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More than meets the eye in a ‘migraine’
  1. Jonathan Rhys Evans1,
  2. Jagrit Shan2
  1. 1 Department of Neurology, Queens Medical Centre, Nottingham, UK
  2. 2 Department of Radiology, Queens Medical Centre, Nottingham, UK
  1. Correspondence to Dr Jonathan Rhys Evans, Department of Neurology, Queens Medical Centre, Nottingham NG27EL, UK; Jonathan.evans2{at}

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A 31-year-old man, previously well and in full-time employment was admitted as an emergency following a convulsive seizure, with a 5-day history of headache, altered behaviour and drowsiness. He had an established history of episodic migraine with aura, and his symptoms this time had begun with what he regarded as a ‘typical’ migraine: opaque, spectral lines in the visual periphery, progressing to a hemicranial headache, with associated photophobia, nausea and motion sensitivity, sufficient for him to take time off work. Two days into his illness, his general practitioner prescribed naproxen 250 mg three times a day. Over the next 3 days his headache persisted and his wife reported alteration in his behaviour. He was intermittently drowsy, distractible and confused. Five days into his illness he had a generalised seizure from sleep, precipitating his hospital admission.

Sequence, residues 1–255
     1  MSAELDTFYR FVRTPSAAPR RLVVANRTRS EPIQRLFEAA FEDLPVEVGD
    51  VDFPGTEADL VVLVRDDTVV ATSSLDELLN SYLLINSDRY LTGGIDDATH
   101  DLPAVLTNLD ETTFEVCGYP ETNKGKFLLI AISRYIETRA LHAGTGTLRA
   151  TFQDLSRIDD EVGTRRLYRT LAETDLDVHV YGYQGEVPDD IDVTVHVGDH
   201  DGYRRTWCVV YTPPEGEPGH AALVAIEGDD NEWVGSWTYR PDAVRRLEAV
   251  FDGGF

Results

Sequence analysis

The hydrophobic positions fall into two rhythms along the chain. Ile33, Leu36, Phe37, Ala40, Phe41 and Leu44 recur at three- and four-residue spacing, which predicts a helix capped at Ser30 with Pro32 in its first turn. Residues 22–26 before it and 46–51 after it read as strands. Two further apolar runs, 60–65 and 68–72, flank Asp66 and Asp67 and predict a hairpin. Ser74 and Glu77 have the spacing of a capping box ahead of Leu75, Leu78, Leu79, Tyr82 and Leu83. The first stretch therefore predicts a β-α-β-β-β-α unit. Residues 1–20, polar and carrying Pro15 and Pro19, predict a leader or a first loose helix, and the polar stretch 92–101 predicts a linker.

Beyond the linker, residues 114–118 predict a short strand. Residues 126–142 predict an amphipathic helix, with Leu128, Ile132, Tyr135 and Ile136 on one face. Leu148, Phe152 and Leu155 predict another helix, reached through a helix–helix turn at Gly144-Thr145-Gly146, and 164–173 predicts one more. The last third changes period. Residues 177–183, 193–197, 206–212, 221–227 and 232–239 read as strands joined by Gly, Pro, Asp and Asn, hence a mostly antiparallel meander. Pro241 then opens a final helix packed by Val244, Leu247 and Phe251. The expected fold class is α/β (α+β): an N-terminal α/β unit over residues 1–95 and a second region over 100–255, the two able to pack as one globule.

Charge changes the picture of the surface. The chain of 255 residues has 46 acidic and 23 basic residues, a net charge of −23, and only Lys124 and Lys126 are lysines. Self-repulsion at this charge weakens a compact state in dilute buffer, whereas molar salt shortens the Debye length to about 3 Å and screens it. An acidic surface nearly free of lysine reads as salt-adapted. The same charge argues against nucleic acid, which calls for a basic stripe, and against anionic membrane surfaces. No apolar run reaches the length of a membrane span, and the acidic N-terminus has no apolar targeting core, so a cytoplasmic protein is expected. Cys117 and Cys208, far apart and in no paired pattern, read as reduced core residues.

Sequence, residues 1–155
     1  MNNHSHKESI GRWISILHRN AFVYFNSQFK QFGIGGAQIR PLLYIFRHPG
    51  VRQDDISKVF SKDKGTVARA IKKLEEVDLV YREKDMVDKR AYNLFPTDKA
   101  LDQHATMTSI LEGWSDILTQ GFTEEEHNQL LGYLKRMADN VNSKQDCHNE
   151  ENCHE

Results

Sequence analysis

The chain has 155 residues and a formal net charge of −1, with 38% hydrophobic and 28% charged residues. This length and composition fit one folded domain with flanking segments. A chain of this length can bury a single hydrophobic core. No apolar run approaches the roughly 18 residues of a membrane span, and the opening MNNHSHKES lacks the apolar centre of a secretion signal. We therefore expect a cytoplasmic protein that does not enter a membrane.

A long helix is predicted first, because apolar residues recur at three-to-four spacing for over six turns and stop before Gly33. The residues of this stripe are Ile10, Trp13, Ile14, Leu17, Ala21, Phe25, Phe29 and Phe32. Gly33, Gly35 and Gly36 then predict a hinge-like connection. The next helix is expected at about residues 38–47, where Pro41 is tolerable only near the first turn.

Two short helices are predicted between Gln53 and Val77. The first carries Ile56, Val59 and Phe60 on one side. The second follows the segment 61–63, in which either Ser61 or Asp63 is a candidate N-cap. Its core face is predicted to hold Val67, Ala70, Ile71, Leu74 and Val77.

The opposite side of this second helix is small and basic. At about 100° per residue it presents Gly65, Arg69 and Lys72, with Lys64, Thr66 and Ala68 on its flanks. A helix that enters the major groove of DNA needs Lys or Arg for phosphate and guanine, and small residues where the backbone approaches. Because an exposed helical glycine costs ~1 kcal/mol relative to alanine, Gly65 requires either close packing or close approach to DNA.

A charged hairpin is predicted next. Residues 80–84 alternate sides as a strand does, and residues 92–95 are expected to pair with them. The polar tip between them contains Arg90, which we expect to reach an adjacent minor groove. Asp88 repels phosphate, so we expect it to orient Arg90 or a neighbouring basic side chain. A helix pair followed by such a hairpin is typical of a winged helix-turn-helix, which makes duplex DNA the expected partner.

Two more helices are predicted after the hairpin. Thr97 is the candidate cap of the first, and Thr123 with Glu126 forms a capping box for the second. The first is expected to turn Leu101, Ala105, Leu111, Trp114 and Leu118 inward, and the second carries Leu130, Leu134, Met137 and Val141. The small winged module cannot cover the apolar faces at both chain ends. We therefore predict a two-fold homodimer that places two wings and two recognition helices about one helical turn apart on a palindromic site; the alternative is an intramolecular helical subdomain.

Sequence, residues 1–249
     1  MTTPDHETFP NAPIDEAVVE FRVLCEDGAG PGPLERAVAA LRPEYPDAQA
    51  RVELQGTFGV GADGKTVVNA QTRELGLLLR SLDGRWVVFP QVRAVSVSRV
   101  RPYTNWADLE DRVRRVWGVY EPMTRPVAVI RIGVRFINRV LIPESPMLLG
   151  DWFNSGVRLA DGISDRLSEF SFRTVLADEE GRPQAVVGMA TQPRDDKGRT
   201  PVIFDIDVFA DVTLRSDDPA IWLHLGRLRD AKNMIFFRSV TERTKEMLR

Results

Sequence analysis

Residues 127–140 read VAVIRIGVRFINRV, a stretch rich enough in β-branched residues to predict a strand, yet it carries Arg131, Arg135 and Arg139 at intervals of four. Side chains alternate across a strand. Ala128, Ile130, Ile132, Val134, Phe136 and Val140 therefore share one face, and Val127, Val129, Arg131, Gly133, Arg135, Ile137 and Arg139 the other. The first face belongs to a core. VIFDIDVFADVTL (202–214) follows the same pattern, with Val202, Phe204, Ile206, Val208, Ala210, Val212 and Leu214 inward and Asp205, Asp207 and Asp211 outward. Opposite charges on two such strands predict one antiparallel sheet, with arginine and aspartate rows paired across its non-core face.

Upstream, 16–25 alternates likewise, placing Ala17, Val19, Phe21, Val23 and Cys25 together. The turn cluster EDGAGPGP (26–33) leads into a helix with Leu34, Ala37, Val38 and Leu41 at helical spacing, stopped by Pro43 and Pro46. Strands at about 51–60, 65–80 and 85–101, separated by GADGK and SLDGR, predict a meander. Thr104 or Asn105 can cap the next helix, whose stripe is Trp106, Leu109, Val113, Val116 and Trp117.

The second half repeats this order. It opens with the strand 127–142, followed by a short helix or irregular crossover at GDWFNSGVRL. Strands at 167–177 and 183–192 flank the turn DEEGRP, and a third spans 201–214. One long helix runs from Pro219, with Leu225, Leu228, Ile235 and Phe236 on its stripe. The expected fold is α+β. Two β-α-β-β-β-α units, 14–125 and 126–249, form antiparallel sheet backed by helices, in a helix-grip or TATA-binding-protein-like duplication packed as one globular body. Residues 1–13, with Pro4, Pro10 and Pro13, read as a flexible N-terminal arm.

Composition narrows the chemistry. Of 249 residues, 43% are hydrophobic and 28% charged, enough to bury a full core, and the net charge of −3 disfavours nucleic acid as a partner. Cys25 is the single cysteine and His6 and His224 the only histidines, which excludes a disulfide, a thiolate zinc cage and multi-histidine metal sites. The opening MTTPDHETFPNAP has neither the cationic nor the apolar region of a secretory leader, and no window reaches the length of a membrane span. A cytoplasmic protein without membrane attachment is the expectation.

On examination in the emergency department, he was afebrile; his Glasgow Coma Scale score was 10/15 (E3 V2 M5), which improved to 13/15 (E4 V4 M5) over the ensuing hours. A CT scan of head was normal. He had an elevated serum creatinine (145 µmol/L (60–110)) and urea, a serum C reactive protein of 45 mg/L (<10). His full blood count was normal. The following morning he was assessed by the neurology registrar: there was no relevant travel history, no exposure to alcohol, drugs of abuse or any other over-the-counter treatments, and no family history of neurological disease. On examination, he had a partial left homonymous hemianopia, dysfluent speech and possibly an expressive dysphasia. There was no meningism or pyramidal signs.

Question 1

What is the differential diagnosis and what further tests are required at this time? Would you start any empirical treatment?

Our first thought might reasonably be that the initial diagnosis of migraine was clearly wrong! The combination of headache progressing to encephalopathy and seizures makes an acute …

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  • Contributors JRE and JS wrote the paper.

  • Competing interests None declared.

  • Patient consent Obtained.

  • Provenance and peer review Commissioned; externally peer reviewed. This paper was reviewed by Michael O’Sullivan, Queensland, Australia.

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